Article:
Daisy Jones & The Six has become quite the phenomenon since its March 3 premiere. Within its first 24 hours of streaming on Amazon, the show and its accompanying album topped television and music charts.
Within hours of their respective releases, the series hit No. 1 on Amazon Prime Video’s Top 10 list in the U.S., and the show’s coinciding debut album Aurora made it to No. 1 in the U.S. on iTunes (and it keeps charting). The album’s vinyl version also nabbed the No. 1 slot on Amazon. There are 11 original songs on the Aurora album, produced by Blake Mills, with additional production by Tony Berg.
Daisy Jones & The Six is the first fictional band to hit No. 1 (more than once), and the show’s popularity has continued to grow each week as episodes drop, leading up to this week’s highly-anticipated finale on Friday, March 24.
The 10-episode series is based on the New York Times bestselling novel by Taylor Jenkins Reid, which climbed to No. 1 on Amazon’s bestsellers list following the show’s premiere.
There are a lot of similarities between Daisy and her bandmates and Fleetwood Mac. Stars-slash-lead-singers Riley Keough and Sam Claflin portray two feuding lead singers, Daisy Jones and Billy Dunne, respectively. Though their personalities clash, their voices blend beautifully and together, they create magic.
The pair brings to mind Fleetwood Mac’s Stevie Nicks and Lindsey Buckingham, who famously fought behind the scenes. Their chemistry created some of the best music of all time.
In a recent interview, Keough explained that Daisy is an amalgamation of three incredible female artists. Nicks is undoubtedly in the mix, but Keough said Linda Ronstadt and Cher equally inspired her.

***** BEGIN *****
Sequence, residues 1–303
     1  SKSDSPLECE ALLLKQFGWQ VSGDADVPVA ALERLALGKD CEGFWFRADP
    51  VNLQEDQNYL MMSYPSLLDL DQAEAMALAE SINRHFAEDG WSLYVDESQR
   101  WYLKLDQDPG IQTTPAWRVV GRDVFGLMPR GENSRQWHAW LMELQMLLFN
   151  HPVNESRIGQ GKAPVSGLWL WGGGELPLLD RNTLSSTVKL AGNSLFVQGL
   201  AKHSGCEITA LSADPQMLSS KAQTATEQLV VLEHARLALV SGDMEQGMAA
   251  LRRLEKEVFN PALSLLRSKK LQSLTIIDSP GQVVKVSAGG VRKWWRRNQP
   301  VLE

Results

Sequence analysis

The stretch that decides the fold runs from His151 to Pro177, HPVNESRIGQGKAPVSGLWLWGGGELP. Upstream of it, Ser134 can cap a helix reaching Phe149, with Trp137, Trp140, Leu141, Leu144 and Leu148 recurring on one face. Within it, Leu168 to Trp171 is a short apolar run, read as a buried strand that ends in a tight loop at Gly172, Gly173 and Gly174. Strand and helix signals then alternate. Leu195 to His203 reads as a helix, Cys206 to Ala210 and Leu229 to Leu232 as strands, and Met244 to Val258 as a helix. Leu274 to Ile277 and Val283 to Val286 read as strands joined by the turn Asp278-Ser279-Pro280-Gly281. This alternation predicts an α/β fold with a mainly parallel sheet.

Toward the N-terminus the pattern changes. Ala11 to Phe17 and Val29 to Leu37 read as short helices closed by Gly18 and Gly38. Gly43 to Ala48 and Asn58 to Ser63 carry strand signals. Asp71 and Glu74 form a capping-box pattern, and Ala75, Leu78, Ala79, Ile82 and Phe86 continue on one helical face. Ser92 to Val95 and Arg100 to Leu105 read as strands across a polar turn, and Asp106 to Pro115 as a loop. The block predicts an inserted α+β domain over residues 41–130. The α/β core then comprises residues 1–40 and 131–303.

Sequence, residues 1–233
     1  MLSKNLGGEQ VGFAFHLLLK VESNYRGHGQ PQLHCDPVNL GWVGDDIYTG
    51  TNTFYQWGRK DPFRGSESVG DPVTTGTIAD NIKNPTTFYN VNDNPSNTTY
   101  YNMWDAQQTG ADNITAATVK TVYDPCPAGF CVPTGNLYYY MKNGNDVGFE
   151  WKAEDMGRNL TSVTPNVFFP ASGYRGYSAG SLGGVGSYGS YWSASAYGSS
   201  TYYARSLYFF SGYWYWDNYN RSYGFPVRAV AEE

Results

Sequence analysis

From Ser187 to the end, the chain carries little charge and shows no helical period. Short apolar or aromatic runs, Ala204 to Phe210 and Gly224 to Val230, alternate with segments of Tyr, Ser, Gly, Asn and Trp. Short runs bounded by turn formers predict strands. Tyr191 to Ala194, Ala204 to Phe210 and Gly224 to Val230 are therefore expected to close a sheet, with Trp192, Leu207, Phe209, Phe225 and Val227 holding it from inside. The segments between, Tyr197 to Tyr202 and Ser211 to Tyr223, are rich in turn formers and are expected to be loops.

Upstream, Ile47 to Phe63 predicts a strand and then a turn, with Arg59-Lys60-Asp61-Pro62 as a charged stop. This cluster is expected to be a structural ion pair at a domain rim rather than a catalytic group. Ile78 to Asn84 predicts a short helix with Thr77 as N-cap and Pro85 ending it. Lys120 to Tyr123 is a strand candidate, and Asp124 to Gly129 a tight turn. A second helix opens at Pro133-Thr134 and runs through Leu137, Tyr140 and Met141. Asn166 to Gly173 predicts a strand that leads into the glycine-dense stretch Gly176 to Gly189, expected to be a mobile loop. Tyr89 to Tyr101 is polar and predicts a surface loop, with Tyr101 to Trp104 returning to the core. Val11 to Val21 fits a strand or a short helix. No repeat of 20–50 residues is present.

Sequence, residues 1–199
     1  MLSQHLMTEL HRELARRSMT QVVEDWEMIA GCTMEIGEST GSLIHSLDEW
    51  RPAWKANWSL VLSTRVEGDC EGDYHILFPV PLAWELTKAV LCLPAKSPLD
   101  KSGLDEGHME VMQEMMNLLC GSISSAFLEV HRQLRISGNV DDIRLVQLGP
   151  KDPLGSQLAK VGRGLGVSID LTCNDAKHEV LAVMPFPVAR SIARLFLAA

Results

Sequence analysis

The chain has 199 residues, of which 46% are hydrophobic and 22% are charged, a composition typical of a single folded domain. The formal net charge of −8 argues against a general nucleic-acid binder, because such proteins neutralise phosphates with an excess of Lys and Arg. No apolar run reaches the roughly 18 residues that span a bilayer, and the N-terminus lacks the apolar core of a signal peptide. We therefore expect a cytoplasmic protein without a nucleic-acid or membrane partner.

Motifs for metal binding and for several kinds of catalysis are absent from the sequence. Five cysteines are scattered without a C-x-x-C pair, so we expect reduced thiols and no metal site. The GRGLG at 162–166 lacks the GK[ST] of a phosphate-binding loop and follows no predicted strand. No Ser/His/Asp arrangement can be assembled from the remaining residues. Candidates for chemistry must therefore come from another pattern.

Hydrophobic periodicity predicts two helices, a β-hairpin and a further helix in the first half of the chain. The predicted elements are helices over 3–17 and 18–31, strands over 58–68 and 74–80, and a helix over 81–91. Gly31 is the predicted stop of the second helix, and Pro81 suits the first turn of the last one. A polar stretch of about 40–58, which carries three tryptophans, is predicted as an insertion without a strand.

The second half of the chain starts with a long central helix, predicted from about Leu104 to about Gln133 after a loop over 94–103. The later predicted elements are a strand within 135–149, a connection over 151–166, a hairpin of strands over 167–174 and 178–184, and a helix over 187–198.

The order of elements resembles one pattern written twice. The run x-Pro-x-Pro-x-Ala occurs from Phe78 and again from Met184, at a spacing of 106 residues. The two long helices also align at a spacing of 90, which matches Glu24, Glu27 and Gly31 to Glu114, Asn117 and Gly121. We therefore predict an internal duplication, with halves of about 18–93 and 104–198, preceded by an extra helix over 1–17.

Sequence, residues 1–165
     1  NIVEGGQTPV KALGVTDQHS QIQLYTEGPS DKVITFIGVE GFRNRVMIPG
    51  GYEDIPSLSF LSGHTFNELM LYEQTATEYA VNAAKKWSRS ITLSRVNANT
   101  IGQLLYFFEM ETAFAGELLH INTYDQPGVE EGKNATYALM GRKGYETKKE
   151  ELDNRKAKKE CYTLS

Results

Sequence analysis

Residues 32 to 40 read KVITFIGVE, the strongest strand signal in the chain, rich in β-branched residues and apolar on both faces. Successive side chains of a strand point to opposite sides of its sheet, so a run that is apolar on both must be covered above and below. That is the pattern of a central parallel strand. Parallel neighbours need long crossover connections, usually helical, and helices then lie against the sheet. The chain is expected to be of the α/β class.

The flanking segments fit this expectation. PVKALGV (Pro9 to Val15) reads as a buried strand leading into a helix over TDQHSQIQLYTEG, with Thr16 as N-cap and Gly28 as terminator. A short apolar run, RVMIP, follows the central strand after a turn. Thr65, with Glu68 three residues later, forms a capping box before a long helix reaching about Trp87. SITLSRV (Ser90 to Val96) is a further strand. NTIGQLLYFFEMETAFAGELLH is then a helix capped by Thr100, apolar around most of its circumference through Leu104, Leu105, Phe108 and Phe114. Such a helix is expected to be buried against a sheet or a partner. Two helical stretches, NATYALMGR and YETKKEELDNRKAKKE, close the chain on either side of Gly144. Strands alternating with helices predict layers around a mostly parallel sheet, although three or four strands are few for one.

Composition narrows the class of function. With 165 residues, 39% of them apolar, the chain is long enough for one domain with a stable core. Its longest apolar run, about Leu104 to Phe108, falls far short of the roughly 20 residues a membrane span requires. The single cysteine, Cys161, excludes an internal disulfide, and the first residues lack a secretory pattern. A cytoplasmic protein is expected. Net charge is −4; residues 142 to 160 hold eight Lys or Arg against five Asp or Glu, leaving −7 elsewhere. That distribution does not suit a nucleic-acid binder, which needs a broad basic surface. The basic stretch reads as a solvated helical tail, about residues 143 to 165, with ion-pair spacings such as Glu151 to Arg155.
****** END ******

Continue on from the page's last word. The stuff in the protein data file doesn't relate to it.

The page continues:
“There was some inspiration from Lindsay Buckingham and Stevie Nicks,” said Keough. “Certainly, there are a lot of similarities in that there is a male and female vocalist that end up in this love triangle situation.”
Keough said she and Claflin took their first singing lesson together. “We were both starting from scratch,” she recalled. “I will say we came a long way. Now we have a record! They are incredible songs. The songwriters are incredible.”
As the granddaughter of Elvis Presley, musical talent is in her blood, but still, Keough said she wasn’t sure she could pull off the singing required of her. “I was surprised, to be honest,” she laughed. “I sing with my husband (Ben Smith-Petersen) sometimes. But I certainly didn’t think I could play a singer in a show.”
Though there are parallels between Fleetwood Mac and Daisy Jones & The Six, those behind the series say the story is not based on the famously feuding band. However, the dynamics within Fleetwood Mac served as an inspiration for this 1970s-based musical story.
Suki Waterhouse, who portrays band member Karen Sirko, confirmed Fleetwood Mac inspired her. “For me, having Christine McVie as someone to draw influence from was significant. There are a lot of similarities between Karen and Christine.”
With so much written about Daisy Jones & The Six and Fleetwood Mac, it was interesting when other cast members were asked who they were inspired by for their respective roles.
Nabiyah Be, who portrays Disco pioneer Simone Jackson, said she was influenced by Donna Summer, Chaka Khan and Diana Ross. Tom Wright, who plays manager Teddy Price, researched extensively for his role. Teddy is the genius who puts Daisy and Billy together on a hunch that the two will create magic onstage.
Wright told me he based his character on record producers Quincy Jones and Al Bell. Motown record label founder Berry Gordy also inspired him. He also read books on journalist-turned-music producer Jerry Wexler and record producer and songwriter-turned-convicted-murderer Phil Spector to create his character.
Scott Neustadter and Michael H. Weber co-created Daisy Jones & The Six for Reese Witherspoon’s Hello Sunshine. Here’s how husband and wife duo Scott and Lauren Neustadter discovered Reid’s book pre-publication and sans publisher in 2017.
The cast includes Camila Morrone, Will Harrison, Josh Whitehouse, Sebastian Chacon, and Timothy Olyphant, with James Ponsoldt, Nzingha Stewart, and Will Graham directing.